According to research done by Citigroup in January 2014, 84% of retail FX traders believe they can achieve positive monthly returns. When it comes to the magnitude of those returns, 41% of traders believe they can make more than 10% per month, resulting in a staggering yearly compounded result of 314% return on investment (ROI).
Despite the high expectations, by comparison, retail FX traders expect to underperform outright gamblers who, on average, expect to double or triple their capital each time they visit a casino.
Citigroup research also indicates that 50% of all traders revel in volatility while believing the FX market to be liquid enough to provide multiple trading opportunities.
In practical terms, traders are not only confident they can identify valid opportunities, but they are so sure of their capabilities that are prepared to borrow money (leverage) in order to trade in larger volumes and thereby generate even larger returns over time.
On many occasions, they are willing to trust expert advisors otherwise known as “automated strategies” or “signals,” based on technical analysis and invest their capital, possibly since retail traders believe that future events are based on past outcomes.
The persona of a trader
People who trade FX want to feel like (and be seen as) Wall Street traders – regarded as risk-takers, high achievers, go-getters, and more broadly, as successful people.
They want to answer the straightforward question, “do you really want to be a trader?” by a simple and bold “Hell Yeah!” Such people tend to be so bold that they envisage themselves sharing traits with fictional characters such as Eddie Morra (played by Bradley Cooper) in the 2011 box-office hit Limitless or Gordon Gekko (played by Michael Douglas) in the movie Wall Street.
They see themselves as full-of-life bon viveurs, who wear jeans and a leather jacket. They want to be cool mavericks, who drive fast cars and galivant on exotic vacations via private jet. That YOLO approach that you can make “easy money” by trading anytime anywhere is what attracts novice traders to trading, and specifically FX, given its extended hours and brokers offering mobile trading platforms.
Millennials are by far the most significant demographic in trading given that 43.5% of all traders are between the ages of 25 to 34, according
to research conducted by Broker Notes in 2017.
Conceptualizing the above and validating these points through several discussions with professors that have extensive experience in the field of retail trading, I can conclude that humans trade FX because of a handful of reasons.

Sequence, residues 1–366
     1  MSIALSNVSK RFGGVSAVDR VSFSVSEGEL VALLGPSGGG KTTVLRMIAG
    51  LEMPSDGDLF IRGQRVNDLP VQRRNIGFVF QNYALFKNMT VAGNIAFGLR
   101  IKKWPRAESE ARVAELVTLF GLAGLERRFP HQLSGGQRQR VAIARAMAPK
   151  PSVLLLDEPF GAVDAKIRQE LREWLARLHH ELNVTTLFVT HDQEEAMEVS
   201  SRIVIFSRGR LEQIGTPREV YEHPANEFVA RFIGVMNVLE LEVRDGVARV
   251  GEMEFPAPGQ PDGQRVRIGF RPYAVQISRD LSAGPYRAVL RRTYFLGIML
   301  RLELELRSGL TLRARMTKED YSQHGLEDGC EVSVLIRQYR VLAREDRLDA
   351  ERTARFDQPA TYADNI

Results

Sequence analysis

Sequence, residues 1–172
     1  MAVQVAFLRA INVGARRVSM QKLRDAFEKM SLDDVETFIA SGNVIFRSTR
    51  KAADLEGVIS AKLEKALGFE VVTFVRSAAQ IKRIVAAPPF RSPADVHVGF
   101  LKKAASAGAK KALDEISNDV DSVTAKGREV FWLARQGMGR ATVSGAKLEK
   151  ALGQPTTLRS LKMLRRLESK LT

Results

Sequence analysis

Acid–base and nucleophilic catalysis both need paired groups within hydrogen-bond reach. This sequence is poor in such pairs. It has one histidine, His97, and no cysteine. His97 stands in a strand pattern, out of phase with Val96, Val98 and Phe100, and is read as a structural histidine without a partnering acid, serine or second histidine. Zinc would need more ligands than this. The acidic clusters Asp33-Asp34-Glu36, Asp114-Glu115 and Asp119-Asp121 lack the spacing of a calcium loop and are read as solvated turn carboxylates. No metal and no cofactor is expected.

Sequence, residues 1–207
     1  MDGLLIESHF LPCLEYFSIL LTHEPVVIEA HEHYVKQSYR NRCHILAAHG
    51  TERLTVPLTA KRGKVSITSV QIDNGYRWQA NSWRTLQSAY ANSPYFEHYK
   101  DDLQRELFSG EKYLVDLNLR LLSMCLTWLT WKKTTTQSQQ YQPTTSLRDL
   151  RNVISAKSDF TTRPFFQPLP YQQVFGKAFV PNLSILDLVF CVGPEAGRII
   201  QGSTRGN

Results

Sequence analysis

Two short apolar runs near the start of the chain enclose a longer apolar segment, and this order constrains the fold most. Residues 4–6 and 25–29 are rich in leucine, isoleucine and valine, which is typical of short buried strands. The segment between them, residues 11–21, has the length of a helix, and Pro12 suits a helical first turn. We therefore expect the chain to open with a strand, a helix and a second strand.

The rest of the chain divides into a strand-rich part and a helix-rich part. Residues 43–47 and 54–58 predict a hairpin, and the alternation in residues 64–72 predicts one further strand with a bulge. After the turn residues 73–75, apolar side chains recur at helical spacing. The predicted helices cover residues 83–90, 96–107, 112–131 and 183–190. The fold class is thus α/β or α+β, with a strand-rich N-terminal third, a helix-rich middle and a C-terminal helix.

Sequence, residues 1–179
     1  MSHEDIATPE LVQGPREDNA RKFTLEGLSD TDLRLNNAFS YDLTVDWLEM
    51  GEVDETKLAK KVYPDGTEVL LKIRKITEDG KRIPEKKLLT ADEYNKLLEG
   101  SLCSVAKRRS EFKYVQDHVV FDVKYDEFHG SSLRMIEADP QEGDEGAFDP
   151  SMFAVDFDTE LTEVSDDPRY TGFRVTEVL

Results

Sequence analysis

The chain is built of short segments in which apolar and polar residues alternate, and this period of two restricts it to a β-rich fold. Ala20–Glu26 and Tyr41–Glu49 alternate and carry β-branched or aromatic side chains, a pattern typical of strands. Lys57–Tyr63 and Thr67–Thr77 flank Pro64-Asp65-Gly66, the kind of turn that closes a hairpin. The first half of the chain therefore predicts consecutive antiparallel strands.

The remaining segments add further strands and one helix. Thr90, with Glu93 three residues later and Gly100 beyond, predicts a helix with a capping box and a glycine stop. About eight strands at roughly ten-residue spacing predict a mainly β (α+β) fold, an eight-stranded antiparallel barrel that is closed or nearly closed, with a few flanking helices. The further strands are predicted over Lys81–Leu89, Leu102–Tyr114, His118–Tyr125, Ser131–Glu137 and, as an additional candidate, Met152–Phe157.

Their motivation is focused on short-term profits with the ultimate intention of spending their winnings on frivolous pursuits, including vacations and rapidly depreciating cars. Spending habits do, of course, vary from person to person, but the underlying theme is that materialism and the pursuit of luxuries are primary motivations for new traders.
This conclusion was validated by extensive market research done by casinos in recent years, attempting to find way better ways to lure gamblers to their venues and retain their business for as long as possible.
Casinos have discovered that by promoting a particular lifestyle in addition to offering specific technical tools, it is possible to lure gamblers into betting more and more often. The lifestyle that seems to work best (for casinos at least) is the image of living on the edge, akin to a big spender, or flambeur, as the French would say.
Rather strangely, retail traders want to be compared with casino winners. According to anecdotal evidence, retail traders believe that casino winnings are attributable to luck, whereas successful trading is attributed to skill – therefore, there is an inherent expectation that trading talent should be respected and celebrated by others, similar to professional athletes.
Choosing an FX broker
Since my early days working on a dealing desk at one of the world’s largest FX brokers, I despised the word “retail” and all the associations that came with it – a synonym for noise, ignorance, ineffectiveness and someone who just trades to lose.
As a result of the negative connotations, most traders shy away from the retail moniker, although they enjoy thinking of themselves as sophisticated people that operate with top-tier tools in a professional way.
From my talks with a renowned professor at the University of Cambridge, retail traders and institutional traders are two distinct categories and should not be conflated into one.
A word of advice to firms offering trading services, although as a company you can provide services to both, you will need different domain names, websites, products, and different marketing strategies to maximize the returns from these two distinct cohorts.
Branding has always been a key consideration for FX brokers. When it comes to broker brands, influencing, regulation, and safety are the three pillars of success, so there is no need for more unique selling points.
Regulatory approval in Europe, a prominent social media influencer able to influence potential clients and safety of funds – that’s the simple model being followed by swathes of brokers trying to win new business in the FX retail broking space.